- I may need to change my expectations.
So. Incredibly. Unrealistic.
But I also came to see that each child learns at a different rate in a different way. And that’s okay, too. It’s okay if they aren’t reading at the end of Kindergarten or doing high school math in middle school. Being homeschooled doesn’t mean my kids have to be scholars. We want the best for them, of course, but it’s really okay for them to be plain ol’ normal kids.
- I may need to change our scheduling.
As much as I would like to have school started by 9:00 every morning, I cannot do it, in spite of the fact I’m usually up well before 7:00. Now I can beat myself over the head for that and bemoan the fact I’m not like Mrs. Super-Disciplined Homeschooling Mom from down the street, or I can just readjust my expectations and try some new scheduling. I’ve chosen to do the latter.I tried starting our school day with math because I’d been told time and time again it was best to tackle math first thing, while my kids’ minds were at their freshest. For us… This. Does. Not. Work. Math isn’t a favorite with any of my kids, so when we started with it every day, they all came to school with a sense of dread, which put a drag on the entire day. Eventually I found that starting with something they enjoyed helped us ease into the harder subjects later.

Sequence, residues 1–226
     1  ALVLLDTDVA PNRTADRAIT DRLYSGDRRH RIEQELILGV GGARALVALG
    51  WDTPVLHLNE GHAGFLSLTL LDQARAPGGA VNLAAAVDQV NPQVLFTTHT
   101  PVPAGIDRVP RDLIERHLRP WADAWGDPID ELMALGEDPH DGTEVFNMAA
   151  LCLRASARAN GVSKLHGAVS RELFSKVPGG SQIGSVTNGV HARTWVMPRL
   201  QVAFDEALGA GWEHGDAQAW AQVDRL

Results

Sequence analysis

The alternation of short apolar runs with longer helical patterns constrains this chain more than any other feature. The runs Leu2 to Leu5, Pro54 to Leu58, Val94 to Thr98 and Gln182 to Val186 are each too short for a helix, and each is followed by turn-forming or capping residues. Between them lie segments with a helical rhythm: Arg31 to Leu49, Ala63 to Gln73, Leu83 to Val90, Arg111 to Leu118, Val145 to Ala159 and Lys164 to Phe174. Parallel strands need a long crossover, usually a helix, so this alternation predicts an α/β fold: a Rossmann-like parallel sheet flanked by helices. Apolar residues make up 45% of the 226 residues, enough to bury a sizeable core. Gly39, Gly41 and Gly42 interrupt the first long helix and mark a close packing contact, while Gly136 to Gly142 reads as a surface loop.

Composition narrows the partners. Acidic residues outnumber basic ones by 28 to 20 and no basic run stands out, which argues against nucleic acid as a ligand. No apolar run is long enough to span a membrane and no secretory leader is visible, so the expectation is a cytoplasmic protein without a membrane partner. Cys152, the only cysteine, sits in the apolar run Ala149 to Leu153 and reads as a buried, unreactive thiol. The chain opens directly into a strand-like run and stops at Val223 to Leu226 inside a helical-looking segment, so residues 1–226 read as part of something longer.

- I may need to change our curriculum.
Like I said before, I’m not an advocate of ditching a curriculum the moment you start having some issues. But I also can’t advocate sticking with something that isn’t working or that you and/or your child just hate, no matter how familiar you are with it or how well it worked for another child or how much money you paid for it! Sometimes a change is necessary.I spent a fair amount of money on a spelling program last spring. It was our second year using this particular curriculum and while I loved it in the beginning, lately the spelling rules have become overwhelming for my children. And for me, too! The approach had become confusing to us all and my children’s spelling had ceased to improve, so I felt it was time for a change, in spite of the fact it was mid-November! So, ignoring the more practical side of me, we started something new and, thus far, the change has been very, very good for us.
Sadly, I’ve known a few people who more-or-less confessed to me that they hated homeschooling. They complained about the incredibly long school days or the boring computer time or the pages and pages of worksheets their children were required to do. Yet when I asked them if they ever thought about switching their curriculum, they looked at me as blankly as if I’d just suggested they let their kids drop out of school altogether!
A curriculum change isn’t always necessary. Sometimes the curriculum isn’t the problem. But there are certainly times when such a change should at least be considered. Maybe you and your kiddos both could enjoy homeschooling more if you changed your curriculum. The transition doesn’t have to be difficult and doesn’t always translate into more work for you as the teacher.